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Associative memory enables the encoding and retrieval of relations between different stimuli. To better understand its neural basis, we investigated whether associative memory involves temporally correlated spiking of medial temporal lobe (MTL) neurons that exhibit stimulus-specific tuning. Using single-neuron recordings from patients with epilepsy performing an associative object-location memory task, we identified the object-specific and place-specific neurons that represented the separate elements of each memory. When patients encoded and retrieved particular memories, the relevant object-specific and place-specific neurons activated together during hippocampal ripples. This ripple-locked coactivity of stimulus-specific neurons emerged over time as the patients' associative learning progressed. Between encoding and retrieval, the ripple-locked timing of coactivity shifted, suggesting flexibility in the interaction between MTL neurons and hippocampal ripples according to behavioral demands. Our results are consistent with a cellular account of associative memory, in which hippocampal ripples coordinate the activity of specialized cellular populations to facilitate links between stimuli.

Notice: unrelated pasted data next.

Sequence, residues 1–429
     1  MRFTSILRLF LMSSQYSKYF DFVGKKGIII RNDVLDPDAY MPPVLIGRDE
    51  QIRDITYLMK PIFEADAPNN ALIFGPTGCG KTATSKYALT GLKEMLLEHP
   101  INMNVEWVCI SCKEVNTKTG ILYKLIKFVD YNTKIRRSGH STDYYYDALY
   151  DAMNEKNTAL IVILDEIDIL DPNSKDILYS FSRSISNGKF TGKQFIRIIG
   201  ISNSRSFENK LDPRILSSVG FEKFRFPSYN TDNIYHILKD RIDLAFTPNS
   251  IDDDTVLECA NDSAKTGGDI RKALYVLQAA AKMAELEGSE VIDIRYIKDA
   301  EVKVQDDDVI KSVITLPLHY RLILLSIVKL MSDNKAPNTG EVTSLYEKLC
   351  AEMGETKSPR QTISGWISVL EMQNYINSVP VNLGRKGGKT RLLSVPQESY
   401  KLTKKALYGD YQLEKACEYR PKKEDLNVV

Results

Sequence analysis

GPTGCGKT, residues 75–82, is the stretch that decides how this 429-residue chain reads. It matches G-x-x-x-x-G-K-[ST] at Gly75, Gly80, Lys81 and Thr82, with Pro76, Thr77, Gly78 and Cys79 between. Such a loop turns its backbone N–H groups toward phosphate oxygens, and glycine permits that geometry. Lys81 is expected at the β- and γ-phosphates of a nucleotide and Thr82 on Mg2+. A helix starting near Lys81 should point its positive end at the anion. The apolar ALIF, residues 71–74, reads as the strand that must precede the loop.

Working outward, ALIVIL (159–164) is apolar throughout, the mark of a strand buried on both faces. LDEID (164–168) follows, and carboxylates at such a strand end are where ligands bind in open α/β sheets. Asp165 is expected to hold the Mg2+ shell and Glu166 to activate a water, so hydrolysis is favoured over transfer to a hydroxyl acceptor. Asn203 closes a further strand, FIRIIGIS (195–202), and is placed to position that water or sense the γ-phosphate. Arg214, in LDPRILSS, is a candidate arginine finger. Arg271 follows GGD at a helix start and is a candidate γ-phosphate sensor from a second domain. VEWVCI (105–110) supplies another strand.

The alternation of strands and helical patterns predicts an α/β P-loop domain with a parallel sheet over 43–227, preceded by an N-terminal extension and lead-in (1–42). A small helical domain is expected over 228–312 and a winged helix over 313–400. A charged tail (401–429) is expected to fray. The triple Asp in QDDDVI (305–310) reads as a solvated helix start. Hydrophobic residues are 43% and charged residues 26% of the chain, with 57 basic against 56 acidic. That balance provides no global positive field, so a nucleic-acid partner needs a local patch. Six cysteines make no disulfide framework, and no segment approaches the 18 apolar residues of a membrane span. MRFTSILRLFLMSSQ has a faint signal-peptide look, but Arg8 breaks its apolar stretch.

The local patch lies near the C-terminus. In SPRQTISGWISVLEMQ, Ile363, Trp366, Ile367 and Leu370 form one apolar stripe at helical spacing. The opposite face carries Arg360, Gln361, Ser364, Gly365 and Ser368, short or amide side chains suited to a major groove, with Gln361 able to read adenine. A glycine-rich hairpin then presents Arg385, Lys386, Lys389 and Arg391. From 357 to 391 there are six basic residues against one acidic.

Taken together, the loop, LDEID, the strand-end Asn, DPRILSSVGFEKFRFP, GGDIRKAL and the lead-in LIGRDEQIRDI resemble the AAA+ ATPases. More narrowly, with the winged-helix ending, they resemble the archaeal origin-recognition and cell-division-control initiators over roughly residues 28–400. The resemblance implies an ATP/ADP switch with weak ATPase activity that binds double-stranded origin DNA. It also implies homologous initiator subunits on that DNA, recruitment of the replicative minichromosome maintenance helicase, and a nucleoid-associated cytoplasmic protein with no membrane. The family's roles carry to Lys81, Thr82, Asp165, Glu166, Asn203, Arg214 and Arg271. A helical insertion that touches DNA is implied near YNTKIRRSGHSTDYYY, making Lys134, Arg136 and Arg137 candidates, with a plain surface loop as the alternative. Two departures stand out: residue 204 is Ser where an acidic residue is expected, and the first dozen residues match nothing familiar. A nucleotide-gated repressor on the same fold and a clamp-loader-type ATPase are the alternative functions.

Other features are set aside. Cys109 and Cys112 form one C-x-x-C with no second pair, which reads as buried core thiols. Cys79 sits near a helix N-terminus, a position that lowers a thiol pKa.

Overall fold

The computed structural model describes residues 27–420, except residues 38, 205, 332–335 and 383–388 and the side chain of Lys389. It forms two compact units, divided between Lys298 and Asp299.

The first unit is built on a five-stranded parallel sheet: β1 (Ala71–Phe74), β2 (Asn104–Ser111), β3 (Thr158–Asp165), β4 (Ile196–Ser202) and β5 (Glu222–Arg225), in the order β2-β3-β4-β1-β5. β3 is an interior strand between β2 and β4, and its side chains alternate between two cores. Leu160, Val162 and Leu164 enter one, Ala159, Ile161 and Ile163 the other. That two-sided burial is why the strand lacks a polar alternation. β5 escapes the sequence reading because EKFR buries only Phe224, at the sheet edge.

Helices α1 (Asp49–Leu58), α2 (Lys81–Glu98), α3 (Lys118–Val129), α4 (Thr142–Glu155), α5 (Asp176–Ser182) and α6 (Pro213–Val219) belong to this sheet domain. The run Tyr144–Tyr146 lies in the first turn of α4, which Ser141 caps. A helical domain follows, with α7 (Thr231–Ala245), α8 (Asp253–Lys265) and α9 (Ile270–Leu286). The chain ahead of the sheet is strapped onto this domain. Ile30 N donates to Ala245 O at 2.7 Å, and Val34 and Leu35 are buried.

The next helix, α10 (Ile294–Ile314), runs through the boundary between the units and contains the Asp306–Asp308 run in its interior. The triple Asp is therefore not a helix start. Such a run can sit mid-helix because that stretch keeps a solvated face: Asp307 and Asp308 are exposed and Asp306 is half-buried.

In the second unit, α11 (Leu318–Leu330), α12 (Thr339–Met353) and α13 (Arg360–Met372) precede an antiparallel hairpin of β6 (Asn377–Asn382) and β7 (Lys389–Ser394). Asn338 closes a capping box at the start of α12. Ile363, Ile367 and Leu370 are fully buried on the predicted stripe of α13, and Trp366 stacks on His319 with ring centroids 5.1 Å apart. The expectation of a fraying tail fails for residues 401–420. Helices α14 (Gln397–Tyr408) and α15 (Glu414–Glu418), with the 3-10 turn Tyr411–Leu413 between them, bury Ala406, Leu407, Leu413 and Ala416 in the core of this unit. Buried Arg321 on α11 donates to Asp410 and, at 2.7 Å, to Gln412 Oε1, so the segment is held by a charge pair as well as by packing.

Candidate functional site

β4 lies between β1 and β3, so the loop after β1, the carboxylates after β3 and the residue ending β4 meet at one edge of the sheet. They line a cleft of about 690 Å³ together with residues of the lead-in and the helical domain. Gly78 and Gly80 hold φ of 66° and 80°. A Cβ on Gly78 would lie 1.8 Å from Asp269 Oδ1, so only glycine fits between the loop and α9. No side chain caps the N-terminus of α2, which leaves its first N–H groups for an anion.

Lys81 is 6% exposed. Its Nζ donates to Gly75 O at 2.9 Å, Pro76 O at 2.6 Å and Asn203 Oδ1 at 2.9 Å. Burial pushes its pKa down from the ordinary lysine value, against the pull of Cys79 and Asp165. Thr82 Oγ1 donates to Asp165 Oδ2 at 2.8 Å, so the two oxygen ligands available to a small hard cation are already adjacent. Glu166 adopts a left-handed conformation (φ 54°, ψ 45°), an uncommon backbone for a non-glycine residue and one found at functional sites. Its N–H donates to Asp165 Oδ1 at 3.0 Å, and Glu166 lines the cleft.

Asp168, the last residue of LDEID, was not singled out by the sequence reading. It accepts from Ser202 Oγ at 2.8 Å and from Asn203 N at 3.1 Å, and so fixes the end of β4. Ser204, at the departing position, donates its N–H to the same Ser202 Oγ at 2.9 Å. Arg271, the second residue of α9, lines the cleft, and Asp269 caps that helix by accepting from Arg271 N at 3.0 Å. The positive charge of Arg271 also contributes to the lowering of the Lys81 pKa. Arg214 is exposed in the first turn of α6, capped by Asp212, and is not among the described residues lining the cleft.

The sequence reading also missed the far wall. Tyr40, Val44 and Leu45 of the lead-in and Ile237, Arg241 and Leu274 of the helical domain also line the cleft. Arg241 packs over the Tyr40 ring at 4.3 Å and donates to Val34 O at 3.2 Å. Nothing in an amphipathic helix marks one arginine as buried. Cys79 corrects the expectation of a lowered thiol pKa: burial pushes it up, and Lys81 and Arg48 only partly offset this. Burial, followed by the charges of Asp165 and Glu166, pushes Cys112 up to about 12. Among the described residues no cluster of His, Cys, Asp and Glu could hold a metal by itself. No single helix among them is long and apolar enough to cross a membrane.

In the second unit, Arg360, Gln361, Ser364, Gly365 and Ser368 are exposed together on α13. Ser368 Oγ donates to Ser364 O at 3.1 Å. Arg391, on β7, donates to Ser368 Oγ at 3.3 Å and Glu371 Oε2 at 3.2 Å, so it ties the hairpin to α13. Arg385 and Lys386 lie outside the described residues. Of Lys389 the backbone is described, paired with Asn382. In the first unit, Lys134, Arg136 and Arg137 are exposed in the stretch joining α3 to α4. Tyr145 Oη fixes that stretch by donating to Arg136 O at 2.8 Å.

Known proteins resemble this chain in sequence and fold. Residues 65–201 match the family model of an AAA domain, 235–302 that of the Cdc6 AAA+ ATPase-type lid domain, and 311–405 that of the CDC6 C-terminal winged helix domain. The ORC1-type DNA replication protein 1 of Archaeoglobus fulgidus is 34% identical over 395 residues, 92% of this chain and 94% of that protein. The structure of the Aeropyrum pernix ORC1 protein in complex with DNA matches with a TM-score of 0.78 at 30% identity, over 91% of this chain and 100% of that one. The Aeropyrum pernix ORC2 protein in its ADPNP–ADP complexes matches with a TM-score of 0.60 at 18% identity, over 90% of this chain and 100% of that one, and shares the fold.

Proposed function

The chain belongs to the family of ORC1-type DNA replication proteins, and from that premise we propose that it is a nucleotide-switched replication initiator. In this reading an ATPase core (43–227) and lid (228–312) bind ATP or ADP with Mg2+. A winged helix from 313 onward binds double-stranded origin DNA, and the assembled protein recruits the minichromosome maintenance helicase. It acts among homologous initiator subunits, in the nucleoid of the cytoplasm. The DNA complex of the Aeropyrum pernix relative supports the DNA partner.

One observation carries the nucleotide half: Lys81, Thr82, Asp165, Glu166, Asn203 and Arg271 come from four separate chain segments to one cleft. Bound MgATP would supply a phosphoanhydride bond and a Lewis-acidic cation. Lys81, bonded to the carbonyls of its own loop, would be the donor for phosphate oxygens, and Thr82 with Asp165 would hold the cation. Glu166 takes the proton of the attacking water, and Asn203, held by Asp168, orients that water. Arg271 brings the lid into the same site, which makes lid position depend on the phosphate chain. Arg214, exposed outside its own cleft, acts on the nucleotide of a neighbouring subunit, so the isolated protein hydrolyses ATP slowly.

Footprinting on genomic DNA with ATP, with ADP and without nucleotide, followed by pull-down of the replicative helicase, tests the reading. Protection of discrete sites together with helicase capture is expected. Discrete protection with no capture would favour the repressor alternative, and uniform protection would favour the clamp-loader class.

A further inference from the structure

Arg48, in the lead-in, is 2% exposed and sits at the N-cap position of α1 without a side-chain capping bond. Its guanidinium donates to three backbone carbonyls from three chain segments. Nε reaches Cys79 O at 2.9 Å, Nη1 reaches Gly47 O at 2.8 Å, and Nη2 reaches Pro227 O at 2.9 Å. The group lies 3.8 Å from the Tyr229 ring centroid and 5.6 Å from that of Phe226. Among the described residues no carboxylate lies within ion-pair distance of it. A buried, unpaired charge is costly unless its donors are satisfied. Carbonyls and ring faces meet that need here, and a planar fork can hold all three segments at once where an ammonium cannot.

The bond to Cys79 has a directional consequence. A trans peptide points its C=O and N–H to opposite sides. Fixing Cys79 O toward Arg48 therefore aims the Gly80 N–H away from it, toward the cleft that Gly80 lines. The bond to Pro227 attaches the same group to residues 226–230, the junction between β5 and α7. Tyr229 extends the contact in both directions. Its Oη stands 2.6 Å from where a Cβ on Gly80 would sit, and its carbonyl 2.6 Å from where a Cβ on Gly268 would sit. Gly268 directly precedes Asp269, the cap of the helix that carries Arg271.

Original publication




Journal article


Nat Neurosci

Publication Date





587 - 599


Humans, Temporal Lobe, Hippocampus, Neurons